Fine (administrative law)

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Under fine (also fine ) are understood in administrative law , a monetary payment , which with a slight violation of the legal norms for misdemeanor by authorities is imposed. In criminal law there is the fine imposed by the judging court .


The general term repentance applies to any kind of compensation for the perpetrator for injustice or suffering caused by him . This also includes religious penance and church penance as a turning away from the wrong way of life and turning to God. For the sinner, repentance was the only way to salvation. In Christianity , repentance represents the endeavor to restore a relationship between God and man that has been disturbed by human offenses. Repentance leads through the knowledge of one's own guilt ( Job 42.6  EU ) to the righteous works of new life ( Acts 26, 20  EU ), which include turning away from the previous way of life ( Rom 6,1f  EU ).

The compound fine is intended to indicate the form in which the perpetrator has to atone, namely through a monetary payment. As a result of this, he is supposed to suffer a reduction in assets instead of deprivation of liberty in the event of a prison sentence . The fine is a sanction to punish administrative offenses that are intended to exceed the economic benefit that the perpetrator has gained from the regulatory offense. However, not every fine is preceded by an economic advantage for the perpetrator (for example in the case of a feeding ban for city ​​pigeons ).

In today's law, an illegal and accusable act is punishable either with a fine (administrative law) or with a fine ( criminal law ). To the extent that criminal law stipulates that a fine can also be recognized in favor of the injured party, they ceased to be in force in December 1974 without replacement (Art. 16 EGStGB ). As a result, the fine is now a purely administrative term.


The Acts of the Apostles of Luke in the New Testament already knew repentance as compensation for wrong done : “Therefore repent for this wickedness of yours and ask the Lord whether you may be forgiven [for, i. Ed.] The striving of your heart ”(8.22 EU ). The oldest Roman law knew the payment of money only as a private punishment ( Latin poena privata ), not as a public punishment; In the criminal system of public law, the fine ( Latin multa ) has only gradually been adopted from procedural law. The fine ( Latin poena (pecuniaria) ) was later extended to each punishment. The word came from the Greek "atonement, vengeance" ( Greek ποινή , poinḗ ), from which the torment is derived. In Roman law, all minor and moderate offenses were not threatened with public punishment, but only with private punishment; in classic times there was always a fine that went to the injured party. The Twelve Tables Act recognized retribution with the same evil ( Latin talion ) for serious personal violations , but it was also allowed to be replaced by a freely negotiable penance. For minor violations, the law completely ruled out the Talion and stipulated fixed fines ( Latin poena ).

The German word “Buße” developed from the Middle High German “buoʒe”. With the Teutons and in the early Middle Ages , injuring someone else was followed by a fine or wergeld as compensation from the perpetrator to the victim or his clan, an early form of perpetrator-victim compensation . Wergeld ("Manngeld") should deprive the injured party of his right to revenge (the feud). For a long time, fines and wergeld were paid for by cattle among the Teutons. If the feud was ruled out so that no peace money could be raised, the fine to be paid was not part of the criminal law. The Sachsenspiegel from 1235 differentiated between wergeld and penance.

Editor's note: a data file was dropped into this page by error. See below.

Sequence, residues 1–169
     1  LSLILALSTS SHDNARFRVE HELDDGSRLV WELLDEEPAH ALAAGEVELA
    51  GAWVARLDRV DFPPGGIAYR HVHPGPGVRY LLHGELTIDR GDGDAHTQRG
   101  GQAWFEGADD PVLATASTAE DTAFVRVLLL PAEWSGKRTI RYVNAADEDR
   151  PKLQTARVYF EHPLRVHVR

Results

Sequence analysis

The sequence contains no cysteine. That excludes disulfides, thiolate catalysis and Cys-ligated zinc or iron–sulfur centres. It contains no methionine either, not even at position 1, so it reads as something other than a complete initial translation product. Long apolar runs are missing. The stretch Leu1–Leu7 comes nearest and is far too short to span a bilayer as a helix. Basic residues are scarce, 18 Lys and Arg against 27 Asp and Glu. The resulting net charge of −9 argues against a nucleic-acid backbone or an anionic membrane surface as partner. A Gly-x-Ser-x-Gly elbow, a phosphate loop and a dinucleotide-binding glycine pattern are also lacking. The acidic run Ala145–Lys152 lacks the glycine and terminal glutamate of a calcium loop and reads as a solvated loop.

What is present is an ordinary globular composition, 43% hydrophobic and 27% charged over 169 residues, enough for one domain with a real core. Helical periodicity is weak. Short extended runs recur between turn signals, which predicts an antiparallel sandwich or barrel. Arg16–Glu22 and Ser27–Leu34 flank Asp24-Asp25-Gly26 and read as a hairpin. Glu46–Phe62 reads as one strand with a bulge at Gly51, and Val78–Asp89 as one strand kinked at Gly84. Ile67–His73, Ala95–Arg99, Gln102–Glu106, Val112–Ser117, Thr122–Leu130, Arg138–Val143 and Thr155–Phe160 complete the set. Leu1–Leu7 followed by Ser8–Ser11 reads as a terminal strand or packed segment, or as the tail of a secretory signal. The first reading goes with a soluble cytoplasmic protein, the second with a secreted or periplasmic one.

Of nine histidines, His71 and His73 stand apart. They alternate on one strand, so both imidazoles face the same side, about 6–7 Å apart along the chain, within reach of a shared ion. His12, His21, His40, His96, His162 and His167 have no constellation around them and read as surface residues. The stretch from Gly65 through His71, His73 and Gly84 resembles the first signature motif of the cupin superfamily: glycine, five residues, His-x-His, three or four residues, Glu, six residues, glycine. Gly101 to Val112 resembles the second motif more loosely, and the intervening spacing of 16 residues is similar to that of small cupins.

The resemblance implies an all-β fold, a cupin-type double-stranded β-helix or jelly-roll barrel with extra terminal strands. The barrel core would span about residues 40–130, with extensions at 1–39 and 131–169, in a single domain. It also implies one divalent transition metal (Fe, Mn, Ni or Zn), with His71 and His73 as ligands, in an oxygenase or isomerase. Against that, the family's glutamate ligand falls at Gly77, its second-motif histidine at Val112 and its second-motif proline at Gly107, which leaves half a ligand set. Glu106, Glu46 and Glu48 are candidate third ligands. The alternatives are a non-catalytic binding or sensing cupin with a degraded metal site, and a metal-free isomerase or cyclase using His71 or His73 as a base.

Medieval prison sentences could sometimes be converted into a corresponding fine out of grace. In May 1461, for example, Moritz Berkamer from Frankfurt was imprisoned for customs fraud in Miltenberg, in addition to the confiscation of his goods. The Electoral Saxon constitutions from 1572 introduced the “fine” to be determined by the judge. From August 1637, according to the Codex Augusteus, an offended person could choose between the action for revocation of the insult and the action for a fine. Just insults as insults or slanders were the legal basis for fines, such as it looked in February 1870 by the North German Confederation from the criminal bill adopted.

The penal code (StGB), which came into force in January 1872 , provided that a fine could be imposed in addition to a penalty . This only applied to defamation or defamation (§ 188 StGB old version ) and also for bodily harm (§ 231 StGB old version). These penalties were not considered to be punishments, but were intended to satisfy the victim. In practice, these regulations had not acquired any significant importance. The legislature also did not consider it advisable to revitalize the institute of penance in the future by making a clear distinction between penance as a gratuitous performance on the one hand and compensation for pain and suffering as compensation for non-material damage (while removing the satisfaction aspect) on the other hand, and stating the penance as Satisfaction is assigned to the criminal judge , but the determination of the other non-pecuniary damage is assigned to the civil judge . These provisions on the fine in favor of the injured party (§§ 188, 231 StGB old version) were deleted in December 1974 without replacement.